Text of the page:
Many message believers condemn denominational and non-denominational churches on the basis that those congregations are lukewarm. However, message congregations can also fall within the same classification as lukewarm. The message of Revelation 3:16 is crystal clear when the Lord states “because you are lukewarm, neither hot nor cold, I am going to spit you out of my mouth.” The peril of being lukewarm is the same, whether in relation to a message church or a non-message church!

As Francis Chan puts it:

Do not assume you are good soil.
I think most American churchgoers are the soil that chokes the seed because of all the thorns. Thorns are anything that distracts us from God. When we want God and a bunch of other stuff, then that means we have thorns in our soil. A relationship with God simply cannot grow when money, sins, activities, favorite sports teams, addictions, or commitments are piled on top of it.[1]


The legalistic teachings of William Branham have a decidedly negative impact on believer’s spiritual development. So while there are those in the message that have experienced Christ’s redemptive work, they are weighed down by a theology that is inconsistent with Paul’s teachings regarding the grace of Christ. Paul states that such beliefs can alienate a person from the grace of God – “Those of you who try to be put right with God by obeying the Law have cut yourselves off from Christ. You are outside God’s grace.” (Gal 5:4 GNT)

A man named Simon thought that he could buy the Holy Spirit with money. It appears that some message believers are trying to buy the Holy Spirit by public demonstrations of their own righteousness.

But if the ministry that produced death—carved in letters on stone tablets—came with glory, so that the Israelites11 could not keep their eyes fixed on the face of Moses because of the glory of his face12 (a glory which was made ineffective), how much more glorious will the ministry of the Spirit be?[2]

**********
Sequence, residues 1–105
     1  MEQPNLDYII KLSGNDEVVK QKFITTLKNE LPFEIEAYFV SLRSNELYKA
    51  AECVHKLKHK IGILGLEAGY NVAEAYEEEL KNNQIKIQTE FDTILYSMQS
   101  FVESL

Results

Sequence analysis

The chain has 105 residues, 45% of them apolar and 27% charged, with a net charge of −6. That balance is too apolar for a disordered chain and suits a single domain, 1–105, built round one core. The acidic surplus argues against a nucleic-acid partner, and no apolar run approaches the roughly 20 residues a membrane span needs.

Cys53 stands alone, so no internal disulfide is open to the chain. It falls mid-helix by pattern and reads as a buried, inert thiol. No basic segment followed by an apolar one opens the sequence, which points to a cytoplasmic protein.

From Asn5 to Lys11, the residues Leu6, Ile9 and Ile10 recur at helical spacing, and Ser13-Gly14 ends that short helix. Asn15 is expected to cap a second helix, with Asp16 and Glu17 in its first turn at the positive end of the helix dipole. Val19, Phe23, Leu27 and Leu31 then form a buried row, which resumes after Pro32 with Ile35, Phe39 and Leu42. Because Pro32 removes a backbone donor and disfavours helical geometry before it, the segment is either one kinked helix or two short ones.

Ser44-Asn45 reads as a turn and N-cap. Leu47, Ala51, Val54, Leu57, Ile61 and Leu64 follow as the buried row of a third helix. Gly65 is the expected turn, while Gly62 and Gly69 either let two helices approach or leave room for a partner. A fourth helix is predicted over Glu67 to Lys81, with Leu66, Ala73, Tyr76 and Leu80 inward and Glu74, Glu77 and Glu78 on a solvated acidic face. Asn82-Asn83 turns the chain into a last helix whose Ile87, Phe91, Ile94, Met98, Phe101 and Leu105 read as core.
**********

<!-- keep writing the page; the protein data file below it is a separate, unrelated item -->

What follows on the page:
Paul clearly states that the ten commandments, written in tablets of stone, represented the ministry of death. Paul also was clear that Jesus did not redeem us from the curse of sin but from the curse of the law:

Christ hath redeemed us from the curse of the law, being made a curse for us: for it is written, Cursed is every one that ahangeth on a tree: That the blessing of Abraham bmight come on the Gentiles through Jesus Christ; that we might receive the promise of the Spirit through faith.[3]

Lack of Love

Paul states in 1 Corinthians 13 (GNT) that

"I may be able to speak the languages of human beings and even of angels, but if I have no love, my speech is no more than a noisy gong or a clanging bell. I may have the gift of inspired preaching; I may have all knowledge and understand all secrets; I may have all the faith needed to move mountains—but if I have no love, I am nothing. I may give away everything I have, and even give up my body to be burnt — but if I have no love, this does me no good."

Most individuals that leave William Branham's message are not contacted after they leave by either the church leadership or those in the congregation. If those in the message really think that those who fall away from the message are lost, one has to wonder why there is generally no attempt to go after them. Didn’t Jesus talk about leaving the ninety-nine sheep grazing on the hillside to go and look for the lost sheep? One wonders what kind of Christians those in the message are when they don’t even make a half-hearted attempt to go after those that have left.

Another evidence of a lack of love is a church's response to the poor, or a catastrophe. When disaster strikes, do you say "Thank God no believers were hurt", or do you extend a helping hand to those that were hurt? When the poor come into your church, do you lead them to the deacon (the policeman of message churches) or help them yourself? When the poor don't come to your church, do you find it easy to ignore their problems?

Spiritual Pride

All message believers insist that William Branham's teaching constitute divine revelation.